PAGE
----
Higher employment rates, less government spendings, lower taxes. A larger, stronger economy and a more comfortable life for everyone. More safety. All of these things are possible when technology takes up its proper place in society, and if the government enables that. Serving society, with goals set in advance and with clear expectations — not as an end in itself. But in order for that to work, technology will need to continue to be embraced by society and be trustworthy, and not be contaminated by governments committing mass espionage and using technology against their own innocent citizens.
When Hans Biesheuvel called me to ask me to join his shadow cabinet as Minister of Technology, I thought of all the wonderful things that technology enables. How much better and easier our lives have already become with the introduction of the mobile phone and of the internet. In the previous decades, that didn’t involve a Minister of Technology either, while their use — in moderation — has improved our quality of life and created many opportunities for innovative business.
Unfortunately, within our government itself, technology is still a sore point: many governmental digitalisation projects result in less employment, not more. And while open platforms could be used, so the information generated by governmental organisations would be shared and made available to all the world, this often isn’t what happens. Furthermore, open standards, allowing any engineer and any company to join in with the development process, aren’t opted for often enough either; instead, there’s a single solution, delivered too late and exceeding its budget.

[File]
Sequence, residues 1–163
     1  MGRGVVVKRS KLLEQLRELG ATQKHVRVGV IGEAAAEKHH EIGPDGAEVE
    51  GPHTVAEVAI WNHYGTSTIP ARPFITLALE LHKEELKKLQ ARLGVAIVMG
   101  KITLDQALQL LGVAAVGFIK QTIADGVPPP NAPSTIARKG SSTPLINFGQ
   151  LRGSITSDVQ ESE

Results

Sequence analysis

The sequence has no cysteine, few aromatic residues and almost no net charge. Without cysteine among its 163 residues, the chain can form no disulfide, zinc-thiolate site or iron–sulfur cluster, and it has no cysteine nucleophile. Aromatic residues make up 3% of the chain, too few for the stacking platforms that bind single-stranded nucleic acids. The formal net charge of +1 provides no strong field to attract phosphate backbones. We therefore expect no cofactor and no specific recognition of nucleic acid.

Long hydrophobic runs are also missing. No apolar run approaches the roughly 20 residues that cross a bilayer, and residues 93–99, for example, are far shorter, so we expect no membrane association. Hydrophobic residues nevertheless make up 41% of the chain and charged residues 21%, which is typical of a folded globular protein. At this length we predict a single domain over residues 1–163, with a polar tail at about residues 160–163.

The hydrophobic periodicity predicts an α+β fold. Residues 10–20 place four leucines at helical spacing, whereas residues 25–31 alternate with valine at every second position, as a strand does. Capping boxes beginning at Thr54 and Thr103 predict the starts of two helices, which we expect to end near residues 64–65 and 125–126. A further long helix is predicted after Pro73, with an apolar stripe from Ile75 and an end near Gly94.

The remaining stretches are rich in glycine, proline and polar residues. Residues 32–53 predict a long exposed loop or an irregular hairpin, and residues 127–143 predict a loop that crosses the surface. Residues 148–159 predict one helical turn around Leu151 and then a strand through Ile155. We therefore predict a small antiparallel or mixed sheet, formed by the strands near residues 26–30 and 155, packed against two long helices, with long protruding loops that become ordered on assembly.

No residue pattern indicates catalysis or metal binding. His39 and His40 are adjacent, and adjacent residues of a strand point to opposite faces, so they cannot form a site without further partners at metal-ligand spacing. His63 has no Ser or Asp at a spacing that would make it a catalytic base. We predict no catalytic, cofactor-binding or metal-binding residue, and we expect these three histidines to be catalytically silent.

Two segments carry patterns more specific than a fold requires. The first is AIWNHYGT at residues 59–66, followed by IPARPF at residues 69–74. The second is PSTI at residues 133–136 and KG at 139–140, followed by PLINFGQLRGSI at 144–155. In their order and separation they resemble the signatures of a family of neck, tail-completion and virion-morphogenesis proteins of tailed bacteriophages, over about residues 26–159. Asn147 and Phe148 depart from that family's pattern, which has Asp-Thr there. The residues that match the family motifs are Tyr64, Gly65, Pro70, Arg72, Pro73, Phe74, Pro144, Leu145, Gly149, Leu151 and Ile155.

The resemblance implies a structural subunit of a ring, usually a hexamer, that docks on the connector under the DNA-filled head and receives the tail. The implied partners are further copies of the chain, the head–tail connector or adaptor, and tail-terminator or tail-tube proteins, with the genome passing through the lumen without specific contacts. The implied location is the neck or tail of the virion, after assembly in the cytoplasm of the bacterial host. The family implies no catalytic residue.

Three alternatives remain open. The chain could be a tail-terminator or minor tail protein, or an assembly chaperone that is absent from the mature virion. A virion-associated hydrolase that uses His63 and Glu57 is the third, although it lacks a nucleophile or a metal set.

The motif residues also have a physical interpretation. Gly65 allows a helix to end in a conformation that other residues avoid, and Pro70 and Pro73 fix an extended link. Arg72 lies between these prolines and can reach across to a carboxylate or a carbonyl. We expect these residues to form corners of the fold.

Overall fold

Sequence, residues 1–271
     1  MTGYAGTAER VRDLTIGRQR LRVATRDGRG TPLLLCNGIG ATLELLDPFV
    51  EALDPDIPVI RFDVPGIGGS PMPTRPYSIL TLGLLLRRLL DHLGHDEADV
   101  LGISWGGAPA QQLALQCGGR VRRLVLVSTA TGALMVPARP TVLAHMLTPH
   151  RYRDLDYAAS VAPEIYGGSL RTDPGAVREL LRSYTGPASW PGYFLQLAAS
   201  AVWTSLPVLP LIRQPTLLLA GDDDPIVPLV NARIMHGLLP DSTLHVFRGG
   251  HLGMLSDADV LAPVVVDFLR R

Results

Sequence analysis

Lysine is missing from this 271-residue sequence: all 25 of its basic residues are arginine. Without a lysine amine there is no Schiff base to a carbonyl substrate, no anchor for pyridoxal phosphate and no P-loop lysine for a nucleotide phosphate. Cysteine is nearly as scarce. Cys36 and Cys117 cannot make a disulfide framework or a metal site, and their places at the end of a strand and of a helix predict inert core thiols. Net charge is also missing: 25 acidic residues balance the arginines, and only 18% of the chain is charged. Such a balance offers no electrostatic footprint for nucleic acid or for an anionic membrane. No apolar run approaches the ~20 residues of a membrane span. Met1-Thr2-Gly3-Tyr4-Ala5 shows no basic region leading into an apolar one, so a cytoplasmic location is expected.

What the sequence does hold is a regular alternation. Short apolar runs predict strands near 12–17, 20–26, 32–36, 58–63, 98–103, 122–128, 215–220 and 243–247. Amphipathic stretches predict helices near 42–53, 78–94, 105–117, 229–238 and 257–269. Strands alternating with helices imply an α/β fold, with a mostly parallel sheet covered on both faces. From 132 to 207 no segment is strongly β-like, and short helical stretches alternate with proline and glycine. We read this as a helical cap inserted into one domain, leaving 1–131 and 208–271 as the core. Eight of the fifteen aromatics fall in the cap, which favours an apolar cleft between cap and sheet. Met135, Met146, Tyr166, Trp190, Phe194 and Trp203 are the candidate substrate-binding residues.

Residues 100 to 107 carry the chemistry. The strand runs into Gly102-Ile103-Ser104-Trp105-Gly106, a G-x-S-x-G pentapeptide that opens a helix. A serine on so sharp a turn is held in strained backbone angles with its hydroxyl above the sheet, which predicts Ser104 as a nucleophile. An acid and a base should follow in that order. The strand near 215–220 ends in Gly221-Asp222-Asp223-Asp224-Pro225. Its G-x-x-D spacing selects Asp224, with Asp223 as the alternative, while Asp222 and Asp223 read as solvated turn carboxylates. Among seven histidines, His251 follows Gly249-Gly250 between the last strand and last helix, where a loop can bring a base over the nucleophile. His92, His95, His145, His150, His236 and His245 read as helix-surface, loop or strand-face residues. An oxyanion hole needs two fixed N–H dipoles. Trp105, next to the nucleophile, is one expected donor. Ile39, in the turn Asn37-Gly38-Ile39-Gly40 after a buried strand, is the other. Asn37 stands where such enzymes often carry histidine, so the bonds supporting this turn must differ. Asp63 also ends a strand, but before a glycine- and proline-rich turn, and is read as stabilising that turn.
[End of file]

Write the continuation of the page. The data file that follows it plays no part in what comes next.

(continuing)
Think of the public transport chip card project, which cost 3 billion euros, or the Black Box — a tracking device in our cars — that never saw the light of say, but still cost 250 million euros. It’s becoming increasingly common for ICT to be regarded as an end in itself rather than as a means. It’s too expensive, and not rewarding enough. And that’s partly because we don’t really know in advance what to expect.
It’s probably not to be blamed on the technicians at work within and for the government; they do what’s asked of them. But there’s not enough of them, or they’re too much scattered around throughout the organisation, and don’t have enough influence. Or they’re called upon too late. Why not join forces?
That’s what was done last century. Did you know that the Dutch government used to have its own computer company during the previous century? The Rijkscentrale voor Mechanische Administratie (National Centre for Mechanical Administration), later known as the Rijkscomputercentrum (National Computer Centre) did so well at its job that it could be privatised in the nineties (and after being privatised, incidentally, it almost went out of business). But don’t we need that combined, centralised knowledge of technological developments very badly right now?
The government’s role
My next column will be on technology within governmental organisations, but also on the government’s role in society at large when it comes to technology: we need a fertile environment that rewards innovation. We need research and development budgets that are among the greatest in the world, creating more jobs. And to that end, we need easy and accessible (further) education for technical professions (and we need it available in more combinations: will the surgeons of the future be doctors specialised in technology, or engineers schooled in medicine — or maybe neither?). In the future we’ll need far more engineers, from all walks of life, with and without specialisations.
But will we still trust technology ten years from now? We use technology more and more often, more and more intensely, and more and more intimately. Meanwhile, (foreign) governments abuse technology more and more often to spy on citizens, and maybe even get their hands on corporate secrets. Do mobile phones and the internet mean more employment and lower expenses, or a spying device in every living room?
We can only fully exploit the possibilities of technology if we can continue to trust technology, and want to keep using it. And that’s what the government needs to see to.